DEVENS -- As we head into the snowy season, a bright spot was celebrated for a Devens couple who has received their first electricity rebate check. In effect, they've caused their electric meter to spin - backwards.
It's all thanks to their 7.6 kilowatt roof-mounted solar array. On Halloween 2011, Frank and Yu-Chi Lin closed on their Greek revival styled home on Adams Circle. Two months later, their solar farm atop their 1,950 square foot "zero net energy" home - consisting of 33 solar panels, each capable of generating 230 watts of power -- was switched on-line.
Theirs was the first of eight zero net homes sold on Adams Circle. All were built by Transformations of Townsend.
The company has completed dozens of like-minded energy conscious home developments, with several more under construction. The so-called zero net energy homes produce as much energy as they use on an annual basis.
Now, a year later, the Lins received the first of what may be many checks to come. On Dec. 12, Yu-Chi Lin was handed a check for $575.08 from the Devens utilities department. Despite ten months of power load -- including all plug-in devices, heating and air conditioning - the house produced more power than it consumed.
Hot water is heated via propane, but even taking that expense into account, the Lins realized a savings over the past year - and avoided paying a utility bill for 10 months. The family consists of husband, wife and one teenaged son.
"We wanted to show people that it can work," said MassDevelopment President and CEO Marty Jones, who presented the check to Mrs. Lin. "And it's not just net zero - its plus!"
"We thought at best it would offset its usage," said Devens utilities supervisor Jim Moore. "But as we saw the bank of kilowatt hours growing, we knew it would go positive." There is a meter reading the solar production and a separate meter showing what surplus power flows back out of the house and onto the grid.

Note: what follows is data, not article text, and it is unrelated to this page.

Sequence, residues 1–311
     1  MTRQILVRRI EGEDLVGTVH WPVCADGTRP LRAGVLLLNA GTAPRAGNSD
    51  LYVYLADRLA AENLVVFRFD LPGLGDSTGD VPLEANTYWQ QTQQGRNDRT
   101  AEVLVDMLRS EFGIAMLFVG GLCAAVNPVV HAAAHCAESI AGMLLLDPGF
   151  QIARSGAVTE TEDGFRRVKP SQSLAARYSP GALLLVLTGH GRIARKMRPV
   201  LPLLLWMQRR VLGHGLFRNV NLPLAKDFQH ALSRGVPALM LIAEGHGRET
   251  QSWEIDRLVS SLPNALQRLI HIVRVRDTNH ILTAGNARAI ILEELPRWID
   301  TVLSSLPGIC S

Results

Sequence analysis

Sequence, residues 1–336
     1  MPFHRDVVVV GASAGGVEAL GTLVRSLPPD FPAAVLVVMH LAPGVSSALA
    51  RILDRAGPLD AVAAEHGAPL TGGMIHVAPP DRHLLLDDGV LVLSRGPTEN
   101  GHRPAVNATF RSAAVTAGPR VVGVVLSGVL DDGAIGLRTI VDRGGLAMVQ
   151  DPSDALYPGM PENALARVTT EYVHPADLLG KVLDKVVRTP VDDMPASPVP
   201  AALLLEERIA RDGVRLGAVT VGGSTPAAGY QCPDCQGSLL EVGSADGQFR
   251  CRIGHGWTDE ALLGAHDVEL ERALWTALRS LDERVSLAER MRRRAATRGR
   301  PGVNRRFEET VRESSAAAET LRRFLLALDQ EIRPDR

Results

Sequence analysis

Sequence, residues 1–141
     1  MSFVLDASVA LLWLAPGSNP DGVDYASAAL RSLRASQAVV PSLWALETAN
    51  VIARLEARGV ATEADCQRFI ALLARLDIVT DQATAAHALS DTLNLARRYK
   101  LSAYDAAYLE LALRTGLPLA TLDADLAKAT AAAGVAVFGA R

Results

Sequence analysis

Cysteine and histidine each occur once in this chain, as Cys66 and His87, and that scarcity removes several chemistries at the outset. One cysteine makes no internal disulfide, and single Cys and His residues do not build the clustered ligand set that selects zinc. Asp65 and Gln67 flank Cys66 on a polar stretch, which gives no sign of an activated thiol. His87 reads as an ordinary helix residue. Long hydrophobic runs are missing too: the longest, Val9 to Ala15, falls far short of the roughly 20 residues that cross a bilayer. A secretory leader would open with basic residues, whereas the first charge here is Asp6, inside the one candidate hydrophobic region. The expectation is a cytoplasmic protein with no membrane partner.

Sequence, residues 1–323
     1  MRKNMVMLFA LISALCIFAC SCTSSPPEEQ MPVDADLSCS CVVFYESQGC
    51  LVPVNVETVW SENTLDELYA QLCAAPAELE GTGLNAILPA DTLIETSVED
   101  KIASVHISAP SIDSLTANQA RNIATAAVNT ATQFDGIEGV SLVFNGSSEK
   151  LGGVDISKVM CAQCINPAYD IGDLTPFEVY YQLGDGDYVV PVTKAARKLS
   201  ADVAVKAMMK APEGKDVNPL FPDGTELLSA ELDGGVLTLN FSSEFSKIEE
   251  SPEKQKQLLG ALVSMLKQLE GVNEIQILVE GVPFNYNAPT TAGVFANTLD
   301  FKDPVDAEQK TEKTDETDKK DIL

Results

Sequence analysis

Surplus energy produced by the Lin family home could be used to charge a hybrid or electric car in the garage, if they had one.
Transformations Development President R. Carter Scott said that all eight homes are spoken for -- six have sold and the final two -- under construction -- are under agreement. Work is to be completed by early spring.
Coming up next - MassDevelopment is turning its attention to the residential development options for Grant Road on Devens. Requests for proposals have yet to be drafted but Scott said "definitely" his company would be interested in creating similarly designed energy conscious homes.
In nearby Harvard, Transformations is completing work on 24 units of housing. Transformations is working on 33 housing units in Easthampton and was awarded an opportunity to build four housing units in Roxbury as part of the Boston Redevelopment Authority's sustainable development challenge.
Mrs. Lin said energy savings and "going green" were on the top of the list when shopping for their Devens home. She also indicated the Harvard school system was a draw. Devens school-aged children are educated in Harvard under contract with MassDevelopment, the state agency developing and managing the former Fort Devens Army lands.
Scott said that comports with feedback he's heard from the other owners in his Devens zero net energy development. "Seven of the eight owners said the schools were their number one or two reason."
Follow Mary Arata at twitter.com/maryearata.